One Hundred Days with Hashimoto’s. Day 15: Claire’s our guest, for part two.

guest blogger-Claire

Welcome back.  We are continuing an interview with our guest, Claire Moffatt of Nutrient Dense Eating by Claire.  Recently, she shared with me her journey to a diagnosis but today Claire tells how choices with food affect her symptoms and quality of life with this disease.

Let’s get back to Part 2 with Claire from our conversation on August 16, 2016:

Around this time, in early 2011, we started our move to NYC.  I was pregnant again and just wanted someone to get me through the pregnancy.  My doctor in Brooklyn refused to continue the Cytomel (T3).  During my pregnancy I started looking into holistic health coaching through IIN. This opened my eyes to various diets and lifestyles. I took this information and dug in deep. I found an acupuncturist that led me to one of the top endocrinologist on NYC who, for the most part did talk to me about nutrition. Although at that point I really knew much of the research.  Over the next five years, we moved twice, had a second child and I saw three endocrinologists.

During this time I started looking into the paleo diet and then found AIP (Autoimmune Protocol).  At that point I wasn’t eating gluten but still ate seeds, nuts, grains, dairy, etc. so it still was a big shift for me.  A few years into it now, I eat mostly AIP still with the exception of eggs which I think I’m fine with.  When I do eat those other things it creates massive inflammation for me.  I look like I’m 6 months pregnant after eating it.  I can go up 5lbs over night.  When I’m on a good dose of my thyroid meds I can tolerate these foods a bit better, but not daily.  And sometimes I indulge daily and then pay for it!  It’s always a decision.

But to this day I feel much better following the AIP diet.
I’m now taking Armour and I feel the best I’ve felt in ages.  It’s not perfect and I feel like I have to work twice as hard as healthy people.  The doctor I see now is also the best I’ve seen.  He treats me based on my bloodwork but also on how I feel.  He’s confirmed that I’m not typical and treats me as such.  I think doctors often assume we fall into the masses and thus treat based on that.

Yet, some of us are the exceptions whether it’s diagnosing Hashimoto’s or treating Hashimoto’s.  I once thought that if I simply changed my diet I could conquer this disease and I think some people can.  However, I think I was too far along and that I can’t sacrifice my life with my children to go through the downs before the potential ups of being off the meds.  When I’m under-treated, I am exhausted (way more than parent-tired).  Extremely exhausted.  I don’t want to miss my kids’ lives because of this disease.

In hindsight, none of the doctors questioned my low pulse (often in the 40’s).  They believed it was because I ran and did yoga.  But now I know it’s a sign that I’m not on the right level of meds.  Very few actually talked to me about my diet outside of questioning my honesty.  No one said “Hey, some of these healthy foods like nightshades, might actually be harming you.”  Most of that realization came from when I researched on my own.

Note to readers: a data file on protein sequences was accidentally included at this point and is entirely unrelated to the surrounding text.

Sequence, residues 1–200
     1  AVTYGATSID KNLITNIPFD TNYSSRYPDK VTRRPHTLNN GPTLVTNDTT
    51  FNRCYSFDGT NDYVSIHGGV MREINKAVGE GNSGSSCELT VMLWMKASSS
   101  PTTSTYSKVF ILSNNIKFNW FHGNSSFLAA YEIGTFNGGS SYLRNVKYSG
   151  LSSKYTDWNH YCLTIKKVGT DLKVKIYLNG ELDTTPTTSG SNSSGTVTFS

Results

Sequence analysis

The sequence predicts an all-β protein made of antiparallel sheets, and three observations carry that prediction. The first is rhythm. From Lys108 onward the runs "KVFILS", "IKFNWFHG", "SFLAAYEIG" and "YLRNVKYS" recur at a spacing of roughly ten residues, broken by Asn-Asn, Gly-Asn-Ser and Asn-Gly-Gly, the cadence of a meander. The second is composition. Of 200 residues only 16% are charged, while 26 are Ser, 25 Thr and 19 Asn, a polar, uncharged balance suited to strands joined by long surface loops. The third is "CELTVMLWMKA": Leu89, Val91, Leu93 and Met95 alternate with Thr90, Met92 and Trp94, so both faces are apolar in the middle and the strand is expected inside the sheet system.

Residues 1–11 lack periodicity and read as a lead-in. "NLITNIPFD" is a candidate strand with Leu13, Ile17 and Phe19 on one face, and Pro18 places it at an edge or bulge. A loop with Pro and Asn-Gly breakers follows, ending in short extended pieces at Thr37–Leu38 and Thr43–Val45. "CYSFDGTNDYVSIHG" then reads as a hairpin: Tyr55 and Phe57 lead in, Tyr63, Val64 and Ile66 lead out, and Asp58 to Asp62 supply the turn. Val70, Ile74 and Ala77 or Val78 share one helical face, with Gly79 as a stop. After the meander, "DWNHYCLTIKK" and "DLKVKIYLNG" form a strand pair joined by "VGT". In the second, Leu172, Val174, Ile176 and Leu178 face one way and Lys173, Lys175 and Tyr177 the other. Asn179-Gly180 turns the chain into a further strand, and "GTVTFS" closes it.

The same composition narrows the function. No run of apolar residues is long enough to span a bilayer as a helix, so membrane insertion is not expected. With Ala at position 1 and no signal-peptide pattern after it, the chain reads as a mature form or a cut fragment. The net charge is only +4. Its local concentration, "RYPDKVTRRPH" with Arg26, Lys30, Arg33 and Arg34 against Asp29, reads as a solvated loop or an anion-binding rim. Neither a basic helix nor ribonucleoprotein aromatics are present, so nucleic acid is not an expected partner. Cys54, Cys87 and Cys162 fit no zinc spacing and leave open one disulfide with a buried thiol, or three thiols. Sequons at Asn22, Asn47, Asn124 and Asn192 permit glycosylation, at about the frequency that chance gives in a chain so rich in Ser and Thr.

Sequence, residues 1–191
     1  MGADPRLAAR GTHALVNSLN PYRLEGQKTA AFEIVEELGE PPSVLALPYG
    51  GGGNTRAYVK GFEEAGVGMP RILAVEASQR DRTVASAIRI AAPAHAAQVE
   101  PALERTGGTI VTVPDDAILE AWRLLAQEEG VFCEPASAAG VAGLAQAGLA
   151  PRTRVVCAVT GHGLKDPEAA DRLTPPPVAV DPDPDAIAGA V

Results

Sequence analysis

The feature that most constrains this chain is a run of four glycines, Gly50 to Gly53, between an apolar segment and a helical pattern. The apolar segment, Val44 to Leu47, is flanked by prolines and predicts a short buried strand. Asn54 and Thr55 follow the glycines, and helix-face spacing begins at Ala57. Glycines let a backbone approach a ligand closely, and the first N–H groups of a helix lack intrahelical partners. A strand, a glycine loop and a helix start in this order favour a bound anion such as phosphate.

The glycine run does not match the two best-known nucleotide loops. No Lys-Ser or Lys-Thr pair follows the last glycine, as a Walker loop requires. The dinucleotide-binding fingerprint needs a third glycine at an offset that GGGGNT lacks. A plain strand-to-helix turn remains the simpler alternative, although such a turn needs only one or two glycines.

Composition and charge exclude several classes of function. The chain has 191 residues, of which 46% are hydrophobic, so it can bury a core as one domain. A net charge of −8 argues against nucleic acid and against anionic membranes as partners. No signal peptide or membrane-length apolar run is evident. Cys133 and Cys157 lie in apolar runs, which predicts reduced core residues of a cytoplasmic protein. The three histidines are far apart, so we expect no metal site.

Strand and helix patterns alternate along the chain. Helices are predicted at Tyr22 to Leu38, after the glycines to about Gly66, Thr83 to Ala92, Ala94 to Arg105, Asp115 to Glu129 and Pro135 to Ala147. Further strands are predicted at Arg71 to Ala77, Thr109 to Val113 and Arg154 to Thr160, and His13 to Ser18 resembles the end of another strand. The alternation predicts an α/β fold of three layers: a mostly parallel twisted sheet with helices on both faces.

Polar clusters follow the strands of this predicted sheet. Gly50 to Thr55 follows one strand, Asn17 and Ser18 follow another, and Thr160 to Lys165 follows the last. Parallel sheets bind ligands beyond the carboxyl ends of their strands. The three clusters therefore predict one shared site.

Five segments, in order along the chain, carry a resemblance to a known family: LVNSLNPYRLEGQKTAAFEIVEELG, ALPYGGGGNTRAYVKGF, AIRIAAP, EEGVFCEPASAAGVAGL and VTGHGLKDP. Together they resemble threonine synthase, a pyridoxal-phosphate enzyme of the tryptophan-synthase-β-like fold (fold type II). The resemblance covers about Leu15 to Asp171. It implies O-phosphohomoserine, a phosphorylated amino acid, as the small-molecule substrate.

So, now whenever a friend gets diagnosed, I encourage them to ask for a full thyroid panel, to actually reveiew their own test results and tell them about the Autoimmune Protocol Diet (AIP).

*It can be a big shift but I think the bigger shift is believing that you deserve to feel healthy.*

You deserve health vs. a certain food item that will wreak havoc in your body.  Also worth mentioning is that with AIP, and all eating methods, you have to really eat a ton of veggies still.  Meat is fine as long as 2/3rds of your plate is veggies. I think people forget that.

Thank you for sharing your story with me, Claire!  You are an inspiration by having found your path and how you continue to work through it all.  I can relate so well to the search.  Not only that, but the frustration of being misunderstood by the doctors you trust and the symptoms that are so complex it drives you to investigate deeper until a diagnosis (and proper treatment) is found.  So, to my fellow IIN graduate, thanks again.

What part of Claire’s story sticks with you?  Please comment!

Get in touch with her here at Nutrient Dense Eating by Claire.

I am so happy you’ve joined us, please visit again, and Follow my blog to keep in touch with my series, “One Hundred Days with Hashimoto’s.”  Cheers!




2 thoughts on “One Hundred Days with Hashimoto’s. Day 15: Claire’s our guest, for part two.

  1. Of course, one thing that stood out with me is the heart rate. Mine always floats in the 40s yet I’m told by a cardiologist that I need a pacemaker. Do I really need a pacemaker? I believe with Hashimoto’s disease that this might be the culprit. However like she says most doctors want to put you in a specific category with the masses. Definitely something I should ponder. I will check with my endocrinologist and ask him about the heart rate since he is supposed to be a specialist. New blood work September 9. Thank you for your insight Claire and for Jessica posting it well written.

Leave a Reply

Your email address will not be published. Required fields are marked *